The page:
Basking sharks spend their summers swimming around Scotland, but in the fall, they vanish – Scottish scientists are trying to find out more about the patterns of these gentle giants in the hopes of creating a conservation area for them.

Often reaching a length of 8 metres in adulthood, these marine creatures are one of the largest type of sharks, and can be an alarming sight.

The inside of a basking shark’s massive mouth looks almost like a ribcage, and it can open wide enough to swallow a human being. Luckily for us, a basking shark is more interested in catching plankton in its gaping maw than a person.

The Inner Hebrides, an archipelago off the west coast of mainland Scotland, is where these sharks have been spotted the most.

“For several years we’ve been gathering information about how they move, where they go in the winter, when they come back to Scotland,” said Dr. Matt Witt, of the University of Exeter, “but we’ve never really understood whether they find mates (when they’re away), whether they’re eating, how they might socialize with other individuals.”

Researchers are deploying high tech methods in their quest to learn more about the sharks.

An underwater robot with a camera on the front has been programmed to track basking sharks and send information back to scientists above the water in the real time.

“It’s talking to us right now,” said Amy Kuklya, a researcher with Woods Hole Oceanographic Institute, a non-profit organization dedicated to ocean research. “So it’s basically sending out a message to us and it would be telling us its speed, its direction, and it would also be telling us really cool information about the shark that it’s tracking.”

Basking sharks decreased drastically in number during the 20th century due to humans, and the population has never quite rebounded. These sharks were hunted down largely for their rich liver oil, but also for their massive dorsal fins, a prize ingredient for shark fin soup.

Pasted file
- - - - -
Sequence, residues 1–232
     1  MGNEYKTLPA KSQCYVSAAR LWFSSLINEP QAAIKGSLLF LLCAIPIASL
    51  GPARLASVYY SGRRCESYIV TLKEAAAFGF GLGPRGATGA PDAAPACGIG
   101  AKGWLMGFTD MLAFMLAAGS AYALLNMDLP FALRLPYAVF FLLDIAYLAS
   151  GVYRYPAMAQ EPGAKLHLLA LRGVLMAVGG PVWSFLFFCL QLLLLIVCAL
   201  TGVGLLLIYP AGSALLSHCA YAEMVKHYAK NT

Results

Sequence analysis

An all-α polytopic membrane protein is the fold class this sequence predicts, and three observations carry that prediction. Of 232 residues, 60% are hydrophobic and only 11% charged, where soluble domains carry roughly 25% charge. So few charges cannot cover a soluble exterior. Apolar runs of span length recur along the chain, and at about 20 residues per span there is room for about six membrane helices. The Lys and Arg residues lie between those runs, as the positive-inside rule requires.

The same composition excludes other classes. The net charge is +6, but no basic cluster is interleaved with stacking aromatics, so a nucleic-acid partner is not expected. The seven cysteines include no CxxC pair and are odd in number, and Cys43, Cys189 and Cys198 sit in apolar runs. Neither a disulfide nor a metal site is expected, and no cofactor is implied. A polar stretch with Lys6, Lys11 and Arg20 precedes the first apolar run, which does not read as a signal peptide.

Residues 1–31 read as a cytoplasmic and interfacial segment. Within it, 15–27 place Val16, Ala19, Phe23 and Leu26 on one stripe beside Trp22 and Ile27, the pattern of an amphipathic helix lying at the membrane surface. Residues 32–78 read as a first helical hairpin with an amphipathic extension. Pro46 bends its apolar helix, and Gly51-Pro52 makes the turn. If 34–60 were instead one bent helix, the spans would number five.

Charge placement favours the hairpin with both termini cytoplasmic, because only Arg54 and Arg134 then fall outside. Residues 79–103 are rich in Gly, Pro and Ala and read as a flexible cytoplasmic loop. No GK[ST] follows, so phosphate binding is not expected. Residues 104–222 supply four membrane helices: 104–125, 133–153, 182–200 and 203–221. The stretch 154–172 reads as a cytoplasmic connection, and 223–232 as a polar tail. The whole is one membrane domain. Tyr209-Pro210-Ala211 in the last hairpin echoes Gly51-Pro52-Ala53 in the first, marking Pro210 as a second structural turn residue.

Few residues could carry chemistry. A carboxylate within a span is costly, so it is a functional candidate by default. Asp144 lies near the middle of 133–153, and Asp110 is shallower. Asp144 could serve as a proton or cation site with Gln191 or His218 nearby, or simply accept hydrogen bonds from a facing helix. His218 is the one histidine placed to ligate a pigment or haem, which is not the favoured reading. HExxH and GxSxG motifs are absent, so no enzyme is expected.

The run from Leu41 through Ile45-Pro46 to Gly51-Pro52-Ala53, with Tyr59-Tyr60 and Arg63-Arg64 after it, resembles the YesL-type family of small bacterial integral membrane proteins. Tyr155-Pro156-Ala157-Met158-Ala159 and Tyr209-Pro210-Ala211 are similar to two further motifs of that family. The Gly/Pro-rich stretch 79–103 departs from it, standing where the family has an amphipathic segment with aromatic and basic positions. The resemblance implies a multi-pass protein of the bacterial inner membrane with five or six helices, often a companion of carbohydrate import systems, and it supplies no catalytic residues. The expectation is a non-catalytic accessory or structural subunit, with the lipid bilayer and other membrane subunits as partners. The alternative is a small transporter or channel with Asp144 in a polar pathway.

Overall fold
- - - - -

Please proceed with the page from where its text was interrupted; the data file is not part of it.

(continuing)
Scotland is not the only place where large numbers of basking sharks have been spotted.

The largest basking shark ever recorded was in Canada, in the Bay of Fundy in 1851. But although basking sharks were once a common sight around Canada, particularly in the Pacific, an eradication program was launched in the 1950s to get rid of what was considered at the time a nuisance to fishermen.

Boats were affixed with a sharpened ram on the bow to impale and kill the harmless species. The practice wasn’t officially ended until 1970. Basking sharks are now considered endangered in the Pacific by the Committee on the Status of Endangered Wildlife in Canada.

Scotland has put more research into these sharks than any other country. And the Inner Hebrides could soon be home to the underwater sanctuary scientists believe the sharks deserve.

Dr. Jenny Oates, of the World Wildlife Fund says the case for conservation could be even stronger if the area is found to be a mating meet-up.

“They might be using the area for breeding, in which case it would be a really important area for basking sharks and an area that we need to protect.”